PhD project offered by the IMPRS-gBGC in Jan 2023


Does climate change accelerate the terrestrial water cycle?

René Orth , Anke Hildebrandt , Anne Hoek van Dijke , Markus Reichstein

Project summary

The terrestrial water cycle describes the water fluxes within and in between the atmosphere and land surface, such as precipitation, evaporation, and runoff. Global change is affecting the water cycle in several ways: warmer temperatures provide additional energy to enhance evaporation if moisture is available, and warmer air can hold more water which enables more or stronger precipitation. At the same time soil moisture, vegetation functioning, and atmospheric moisture transport are changing which affects the amount of water available for evaporation.
It is the goal of this PhD project to investigate the effects of a warming climate and increasing atmospheric CO2 concentrations on the terrestrial water cycle to determine when and where the water cycle is accelerating or decelerating. This can include, but is not limited to, analyses of (a) trends in water fluxes, i.e. in the variabilites and means of precipitation, evaporation and streamflow for different time scales and different seasons, (b) trends in energy (temperature, radiation) vs. water (soil moisture) limitation of soil and interception evaporation and plant transpiration, (c) resulting trends in water storages, i.e. in soil moisture, groundwater and snow, (d) translation of the detected trends into changes in the occurrence of extreme events such as heavy precipitation, floods and droughts, and (e) the atmospheric moisture transport and in particular the changes in precipitation-to-evaporation and evaporation-to-precipitation recycling.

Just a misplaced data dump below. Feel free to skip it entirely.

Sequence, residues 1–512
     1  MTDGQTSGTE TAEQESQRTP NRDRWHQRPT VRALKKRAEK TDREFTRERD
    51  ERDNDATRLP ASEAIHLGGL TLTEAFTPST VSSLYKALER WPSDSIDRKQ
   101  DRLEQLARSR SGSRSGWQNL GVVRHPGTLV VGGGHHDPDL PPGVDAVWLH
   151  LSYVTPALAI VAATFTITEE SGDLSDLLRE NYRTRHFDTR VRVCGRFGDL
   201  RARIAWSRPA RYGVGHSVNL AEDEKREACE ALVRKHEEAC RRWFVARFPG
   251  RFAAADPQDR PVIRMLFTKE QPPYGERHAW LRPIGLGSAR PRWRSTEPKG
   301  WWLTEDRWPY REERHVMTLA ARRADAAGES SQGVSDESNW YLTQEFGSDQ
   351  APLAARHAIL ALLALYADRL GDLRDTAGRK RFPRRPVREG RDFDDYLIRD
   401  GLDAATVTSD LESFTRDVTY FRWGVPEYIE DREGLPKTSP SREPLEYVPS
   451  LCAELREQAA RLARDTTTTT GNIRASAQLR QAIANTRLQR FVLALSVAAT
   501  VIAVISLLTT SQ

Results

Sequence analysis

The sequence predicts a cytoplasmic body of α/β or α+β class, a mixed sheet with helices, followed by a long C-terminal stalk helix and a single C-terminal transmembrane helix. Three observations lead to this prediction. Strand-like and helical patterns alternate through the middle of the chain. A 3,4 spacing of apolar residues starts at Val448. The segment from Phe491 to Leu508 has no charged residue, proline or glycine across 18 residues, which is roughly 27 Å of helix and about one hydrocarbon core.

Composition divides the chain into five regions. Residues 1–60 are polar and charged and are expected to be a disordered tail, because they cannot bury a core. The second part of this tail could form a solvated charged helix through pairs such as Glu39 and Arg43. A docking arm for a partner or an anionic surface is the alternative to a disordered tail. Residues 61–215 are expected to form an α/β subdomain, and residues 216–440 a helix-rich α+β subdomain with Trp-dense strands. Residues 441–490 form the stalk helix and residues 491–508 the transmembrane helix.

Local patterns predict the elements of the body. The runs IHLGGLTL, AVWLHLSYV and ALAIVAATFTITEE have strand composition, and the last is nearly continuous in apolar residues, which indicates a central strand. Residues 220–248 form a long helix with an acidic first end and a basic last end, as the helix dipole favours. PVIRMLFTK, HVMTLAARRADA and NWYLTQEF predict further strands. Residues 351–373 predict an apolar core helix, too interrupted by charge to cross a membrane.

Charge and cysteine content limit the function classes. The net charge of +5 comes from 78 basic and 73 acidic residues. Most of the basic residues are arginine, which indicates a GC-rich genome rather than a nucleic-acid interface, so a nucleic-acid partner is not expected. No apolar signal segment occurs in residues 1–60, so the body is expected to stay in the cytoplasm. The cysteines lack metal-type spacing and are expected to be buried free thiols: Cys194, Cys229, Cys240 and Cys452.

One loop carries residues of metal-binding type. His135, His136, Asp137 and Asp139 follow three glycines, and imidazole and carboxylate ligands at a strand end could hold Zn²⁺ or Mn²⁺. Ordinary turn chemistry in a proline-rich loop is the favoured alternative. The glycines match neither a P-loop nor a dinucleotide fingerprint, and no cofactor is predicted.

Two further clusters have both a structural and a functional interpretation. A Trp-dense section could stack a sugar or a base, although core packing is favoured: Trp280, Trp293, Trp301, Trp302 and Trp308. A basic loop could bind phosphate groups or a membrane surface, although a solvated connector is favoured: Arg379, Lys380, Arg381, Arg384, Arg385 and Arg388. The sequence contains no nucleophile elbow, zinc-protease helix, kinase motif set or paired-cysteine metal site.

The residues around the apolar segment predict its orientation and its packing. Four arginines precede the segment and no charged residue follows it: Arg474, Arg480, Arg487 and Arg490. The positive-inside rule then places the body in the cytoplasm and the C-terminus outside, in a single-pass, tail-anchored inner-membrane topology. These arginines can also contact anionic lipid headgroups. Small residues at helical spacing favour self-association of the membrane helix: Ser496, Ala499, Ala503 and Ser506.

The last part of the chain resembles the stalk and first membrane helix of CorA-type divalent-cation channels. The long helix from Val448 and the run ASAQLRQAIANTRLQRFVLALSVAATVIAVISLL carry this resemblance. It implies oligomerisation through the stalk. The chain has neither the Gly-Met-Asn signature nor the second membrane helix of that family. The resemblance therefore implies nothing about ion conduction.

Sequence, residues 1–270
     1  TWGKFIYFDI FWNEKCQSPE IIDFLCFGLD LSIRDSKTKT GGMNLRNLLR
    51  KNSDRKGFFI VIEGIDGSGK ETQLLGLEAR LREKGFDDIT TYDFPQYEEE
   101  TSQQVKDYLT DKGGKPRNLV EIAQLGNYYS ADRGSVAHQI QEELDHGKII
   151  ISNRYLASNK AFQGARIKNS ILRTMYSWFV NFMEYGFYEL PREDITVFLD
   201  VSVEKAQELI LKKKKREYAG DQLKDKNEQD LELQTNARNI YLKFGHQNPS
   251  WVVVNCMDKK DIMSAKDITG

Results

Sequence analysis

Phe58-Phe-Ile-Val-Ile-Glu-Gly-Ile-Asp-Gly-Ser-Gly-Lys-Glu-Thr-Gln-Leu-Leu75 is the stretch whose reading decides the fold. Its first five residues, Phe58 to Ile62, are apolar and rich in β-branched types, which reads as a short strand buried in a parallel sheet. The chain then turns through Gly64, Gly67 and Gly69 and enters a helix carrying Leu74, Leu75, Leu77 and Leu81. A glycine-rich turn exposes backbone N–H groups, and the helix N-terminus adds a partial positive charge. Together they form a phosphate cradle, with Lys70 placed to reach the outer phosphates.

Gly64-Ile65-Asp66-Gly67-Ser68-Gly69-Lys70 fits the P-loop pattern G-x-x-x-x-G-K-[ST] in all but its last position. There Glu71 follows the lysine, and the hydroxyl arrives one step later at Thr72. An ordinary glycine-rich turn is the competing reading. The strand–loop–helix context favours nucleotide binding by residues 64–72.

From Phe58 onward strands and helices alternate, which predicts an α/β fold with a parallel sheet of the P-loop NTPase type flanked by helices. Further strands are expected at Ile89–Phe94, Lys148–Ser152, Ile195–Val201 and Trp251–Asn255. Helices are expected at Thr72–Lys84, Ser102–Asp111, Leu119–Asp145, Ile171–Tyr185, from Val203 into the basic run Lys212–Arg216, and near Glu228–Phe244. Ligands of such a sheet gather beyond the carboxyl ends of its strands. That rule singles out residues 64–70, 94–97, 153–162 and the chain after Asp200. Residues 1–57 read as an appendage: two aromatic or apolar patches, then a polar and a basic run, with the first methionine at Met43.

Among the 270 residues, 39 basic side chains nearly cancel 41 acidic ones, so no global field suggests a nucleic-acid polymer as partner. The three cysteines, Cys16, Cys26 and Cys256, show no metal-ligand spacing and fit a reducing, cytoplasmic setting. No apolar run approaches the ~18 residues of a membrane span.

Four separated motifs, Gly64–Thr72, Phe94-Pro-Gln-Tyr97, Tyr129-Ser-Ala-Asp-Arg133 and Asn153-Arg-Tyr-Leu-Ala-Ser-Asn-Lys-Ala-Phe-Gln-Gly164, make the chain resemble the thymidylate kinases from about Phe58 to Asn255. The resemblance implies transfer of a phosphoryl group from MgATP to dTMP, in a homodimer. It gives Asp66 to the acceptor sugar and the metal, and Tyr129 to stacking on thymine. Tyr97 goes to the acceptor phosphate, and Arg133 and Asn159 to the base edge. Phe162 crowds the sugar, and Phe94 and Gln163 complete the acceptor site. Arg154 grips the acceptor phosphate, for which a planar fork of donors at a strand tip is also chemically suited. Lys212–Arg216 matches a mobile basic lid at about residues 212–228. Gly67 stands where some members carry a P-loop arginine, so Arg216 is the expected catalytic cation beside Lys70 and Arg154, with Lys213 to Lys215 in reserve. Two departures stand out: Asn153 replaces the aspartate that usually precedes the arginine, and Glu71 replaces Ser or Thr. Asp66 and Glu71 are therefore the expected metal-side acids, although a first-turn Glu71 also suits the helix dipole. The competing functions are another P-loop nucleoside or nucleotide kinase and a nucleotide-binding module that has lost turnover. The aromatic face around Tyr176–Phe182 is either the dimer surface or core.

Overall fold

These investigations will be done with observation-based eco-hydrological datasets and Earth system model simulations, and will include an identification of driving mechanisms of large-scale water cycle changes. The observation-based datasets can be used to validate the Earth system models. Then, the well-performing models can be used to study the sensitivity of the water cycle to different levels of global warming.

Working group & planned collaborations

The successful candidate will work within the Hydrology-Biosphere-Climate Interactions research group ( The group is embedded in the Department of Biogeochemical Integration at the Max Planck Institute for Biogeochemistry in Jena. The PhD student will collaborate with national and international partners, and attend workshops and conferences.


We welcome applications from highly motivated and curious students from any country who have
  • a Master’s degree in environmental science (or related)
  • Experience with statistical analysis and modelling (using for example R or Python)
  • Excellent written and oral English language skills
The Max Planck Society seeks to increase the number of women in those areas where they are underrepresented and therefore explicitly encourages women to apply. The Max Planck Society is committed to increasing the number of individuals with disabilities in its workforce and therefore encourages applications from such qualified individuals.

>> more information about the IMPRS-gBGC + application